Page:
Photography Books of the Year – Review | Art and design books

In a year when self-publishing continued to thrive and a slew of small, independent companies reinvented the photo book as an art object in its own right, mainstream houses wisely focused on what they do best: the big retrospective. My favorite was the elegant and informative Sergio Larrain: wandering photographer (Thames & Hudson), an overview of the work of the late Chilean where the editor-in-chief Agnès Sire mixes the familiar with the unfamiliar. A book full of beautiful, often experimental street images, it should help elevate the reclusive photographer to the rank of a canon of the greats of the 20th century.

Also in the running for Retrospective Book of the Year is the eponymous Garry Winogrand (Yale University Press), a voluminous catalog for this year’s extensive exhibition at the San Francisco Museum of Modern Art. One of the great pioneers of American street photography, his images still surprise with their offbeat composition and wired energy. There is visual poetry of an altogether more intimate kind in Emmet Gowin (Aperture), an in-depth look at one of America’s most overlooked photographers, whose defining subject was his wife, Edith, and their family.

Published at the end of 2012, Viviane Sassen: in and out of fashion (Prestel) just qualifies to be included here. A catalog of a traveling exhibition currently on view at the National Gallery of Scotland, it showcases the vivid colors and striking formalism of the most inventive fashion photographer working today.

Elsewhere, independents have led the way. UK publisher Dewi Lewis had another strong year with titles such as Jo Metson Scott’s The gray line (Dewi Lewis), who fused portraits of American soldiers who spoke out against the war in Iraq with their testimonies of the aftermath. from the same publisher The Landscape of Murder (to which I wrote the introduction) was a still, sustained meditation on an often invisible London mapped by Antonio Olmos, who visited the site of every murder in the capital in a single year. By turns melancholy and thought-provoking, it will make you see the city in a different, darker light.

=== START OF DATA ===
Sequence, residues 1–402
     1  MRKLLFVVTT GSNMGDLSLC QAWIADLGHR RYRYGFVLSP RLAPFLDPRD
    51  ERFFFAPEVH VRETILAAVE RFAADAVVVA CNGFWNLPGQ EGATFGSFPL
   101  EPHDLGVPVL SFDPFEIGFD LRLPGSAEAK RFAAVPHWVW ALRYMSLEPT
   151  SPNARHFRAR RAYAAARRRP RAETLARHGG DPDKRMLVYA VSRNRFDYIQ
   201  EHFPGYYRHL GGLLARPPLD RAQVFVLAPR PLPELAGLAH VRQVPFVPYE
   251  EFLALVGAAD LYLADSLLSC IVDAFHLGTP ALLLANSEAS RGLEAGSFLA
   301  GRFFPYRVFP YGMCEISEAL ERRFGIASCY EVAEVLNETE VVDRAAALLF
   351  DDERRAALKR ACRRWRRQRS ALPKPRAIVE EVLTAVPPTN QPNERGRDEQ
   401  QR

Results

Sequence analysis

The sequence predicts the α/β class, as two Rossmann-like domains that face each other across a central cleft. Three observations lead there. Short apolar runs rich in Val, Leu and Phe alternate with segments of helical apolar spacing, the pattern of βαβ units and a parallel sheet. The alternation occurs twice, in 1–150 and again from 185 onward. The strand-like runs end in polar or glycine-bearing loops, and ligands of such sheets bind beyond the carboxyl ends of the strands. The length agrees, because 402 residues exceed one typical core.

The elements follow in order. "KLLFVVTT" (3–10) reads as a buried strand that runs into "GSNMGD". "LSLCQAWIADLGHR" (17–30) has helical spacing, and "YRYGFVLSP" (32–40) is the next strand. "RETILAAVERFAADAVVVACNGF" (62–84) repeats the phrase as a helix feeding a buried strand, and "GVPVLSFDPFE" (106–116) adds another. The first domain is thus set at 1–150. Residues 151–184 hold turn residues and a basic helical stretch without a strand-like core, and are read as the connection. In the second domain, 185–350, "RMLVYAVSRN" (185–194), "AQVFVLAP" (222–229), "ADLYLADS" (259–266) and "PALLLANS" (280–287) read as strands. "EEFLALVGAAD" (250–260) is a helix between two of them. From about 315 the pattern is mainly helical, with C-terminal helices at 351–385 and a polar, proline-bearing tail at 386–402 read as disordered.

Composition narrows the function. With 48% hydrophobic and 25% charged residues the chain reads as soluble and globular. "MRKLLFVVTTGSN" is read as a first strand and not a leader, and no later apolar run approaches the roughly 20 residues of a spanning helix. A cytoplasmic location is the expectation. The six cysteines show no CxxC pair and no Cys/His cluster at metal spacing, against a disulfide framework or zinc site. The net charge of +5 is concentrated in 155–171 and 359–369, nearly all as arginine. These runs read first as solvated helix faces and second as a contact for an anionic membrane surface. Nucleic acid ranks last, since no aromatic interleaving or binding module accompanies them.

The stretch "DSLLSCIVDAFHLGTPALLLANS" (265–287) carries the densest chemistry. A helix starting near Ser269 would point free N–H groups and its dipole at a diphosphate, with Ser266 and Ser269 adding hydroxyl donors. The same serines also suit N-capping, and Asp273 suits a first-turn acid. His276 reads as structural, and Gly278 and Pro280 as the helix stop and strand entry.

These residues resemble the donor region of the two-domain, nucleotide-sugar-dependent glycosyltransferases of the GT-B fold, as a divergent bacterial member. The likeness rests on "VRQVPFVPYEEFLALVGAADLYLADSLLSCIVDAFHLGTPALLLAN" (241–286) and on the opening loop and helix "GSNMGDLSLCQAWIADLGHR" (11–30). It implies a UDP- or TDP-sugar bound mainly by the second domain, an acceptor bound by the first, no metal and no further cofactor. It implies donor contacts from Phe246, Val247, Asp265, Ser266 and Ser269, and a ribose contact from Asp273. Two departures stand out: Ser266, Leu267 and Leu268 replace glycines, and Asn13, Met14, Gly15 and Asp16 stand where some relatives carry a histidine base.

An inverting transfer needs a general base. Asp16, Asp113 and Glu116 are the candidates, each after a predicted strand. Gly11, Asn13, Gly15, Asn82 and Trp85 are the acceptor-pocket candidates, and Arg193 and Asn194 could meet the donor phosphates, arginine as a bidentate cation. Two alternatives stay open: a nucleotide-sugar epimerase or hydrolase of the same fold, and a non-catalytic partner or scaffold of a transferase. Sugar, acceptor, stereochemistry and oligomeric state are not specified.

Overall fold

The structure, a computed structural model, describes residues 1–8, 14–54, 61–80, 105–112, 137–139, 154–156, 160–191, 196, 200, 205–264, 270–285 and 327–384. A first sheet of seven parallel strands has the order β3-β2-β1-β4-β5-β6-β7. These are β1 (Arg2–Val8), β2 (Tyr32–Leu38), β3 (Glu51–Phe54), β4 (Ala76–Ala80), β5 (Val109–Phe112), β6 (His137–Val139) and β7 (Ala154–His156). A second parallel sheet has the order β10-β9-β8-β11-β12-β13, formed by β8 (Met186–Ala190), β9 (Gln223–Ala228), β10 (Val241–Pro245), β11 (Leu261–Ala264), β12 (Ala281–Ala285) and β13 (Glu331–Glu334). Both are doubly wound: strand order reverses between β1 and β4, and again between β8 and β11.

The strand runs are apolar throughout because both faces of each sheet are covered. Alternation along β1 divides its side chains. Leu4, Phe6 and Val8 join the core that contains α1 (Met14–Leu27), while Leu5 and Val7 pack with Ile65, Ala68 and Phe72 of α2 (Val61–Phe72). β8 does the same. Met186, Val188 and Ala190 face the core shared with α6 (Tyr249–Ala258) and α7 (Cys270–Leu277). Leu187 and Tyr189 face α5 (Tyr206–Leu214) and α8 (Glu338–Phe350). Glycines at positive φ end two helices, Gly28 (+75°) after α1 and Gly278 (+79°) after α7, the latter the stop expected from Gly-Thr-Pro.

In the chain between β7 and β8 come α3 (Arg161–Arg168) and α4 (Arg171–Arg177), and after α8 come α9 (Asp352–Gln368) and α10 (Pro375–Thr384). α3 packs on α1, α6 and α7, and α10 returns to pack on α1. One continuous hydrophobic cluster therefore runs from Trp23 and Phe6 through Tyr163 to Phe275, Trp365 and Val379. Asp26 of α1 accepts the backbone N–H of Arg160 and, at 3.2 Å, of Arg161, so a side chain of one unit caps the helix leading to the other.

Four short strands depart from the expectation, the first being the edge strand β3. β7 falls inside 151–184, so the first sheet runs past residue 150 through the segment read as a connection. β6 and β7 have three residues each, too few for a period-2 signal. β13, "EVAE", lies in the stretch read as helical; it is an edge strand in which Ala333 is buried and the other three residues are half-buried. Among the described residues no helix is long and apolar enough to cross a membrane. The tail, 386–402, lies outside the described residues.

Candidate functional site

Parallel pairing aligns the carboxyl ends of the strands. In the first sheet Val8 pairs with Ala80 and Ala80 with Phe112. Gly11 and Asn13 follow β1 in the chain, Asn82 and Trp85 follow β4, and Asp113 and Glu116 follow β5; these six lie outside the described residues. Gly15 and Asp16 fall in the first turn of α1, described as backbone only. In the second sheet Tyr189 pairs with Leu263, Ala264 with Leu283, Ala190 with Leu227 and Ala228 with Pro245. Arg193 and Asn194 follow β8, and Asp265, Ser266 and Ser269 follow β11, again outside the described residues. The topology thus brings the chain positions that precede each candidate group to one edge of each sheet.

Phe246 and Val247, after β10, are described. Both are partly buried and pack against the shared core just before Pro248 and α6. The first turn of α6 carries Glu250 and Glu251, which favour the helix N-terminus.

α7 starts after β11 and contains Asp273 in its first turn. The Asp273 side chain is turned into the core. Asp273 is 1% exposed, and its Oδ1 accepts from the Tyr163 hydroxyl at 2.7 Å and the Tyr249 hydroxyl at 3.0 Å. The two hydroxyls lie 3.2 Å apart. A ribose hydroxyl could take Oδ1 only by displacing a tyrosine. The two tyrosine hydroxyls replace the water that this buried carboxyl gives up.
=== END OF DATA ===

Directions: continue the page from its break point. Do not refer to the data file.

Perhaps the most controversial photobook was Holy Bible by Adam Broomberg and Oliver Chanarin (Mack Books) in which this year’s Deutsche Börse Prize winners questioned the idea of ​​divine violence through a series of images taken from the archives of the modern conflict.

Superimposed on the pages of the Bible, and each referring to an underlined passage, the photographs have a cumulative effect that lies somewhere between the absurd and the offensive. It is a fiercely political work that exemplifies Israeli philosopher and essayist Adi Ophir’s proposition “that God reveals himself primarily through catastrophe and that power structures in the Bible correlate with those of modern systems of governance”.

I end with three of my personal favorites. She dances to Jackson by Vanessa Winship (Mack) merges landscapes and portraits, in black and white, to create an America that is both real and imaginative and hauntingly beautiful. Closer to home, Lorenzo Vitturi created his unique reflection on Ridley Road market in east London for self-publishing Dalston’s Anatomy (SPBH), the most beautifully designed book of the year – complete with its African fabric cover. In vivid colors, it merges the real and the fantastic, the observed and the staged to evoke the life of a bustling, multicultural street market.

dark knees by Mark Cohen (Xavier Barral), published to accompany a retrospective at the Bal in Paris, is a revelation. A columnist from his hometown of Pennsylvania, Cohen films up close and intimate, using flash and often cropping his subjects dramatically. A surreal recording of gestures, movements, torsos and reactions, it is an original and individual approach to street photography.

This article was edited on December 9 to remove an erroneous reference to Brassaï in the standfirst.

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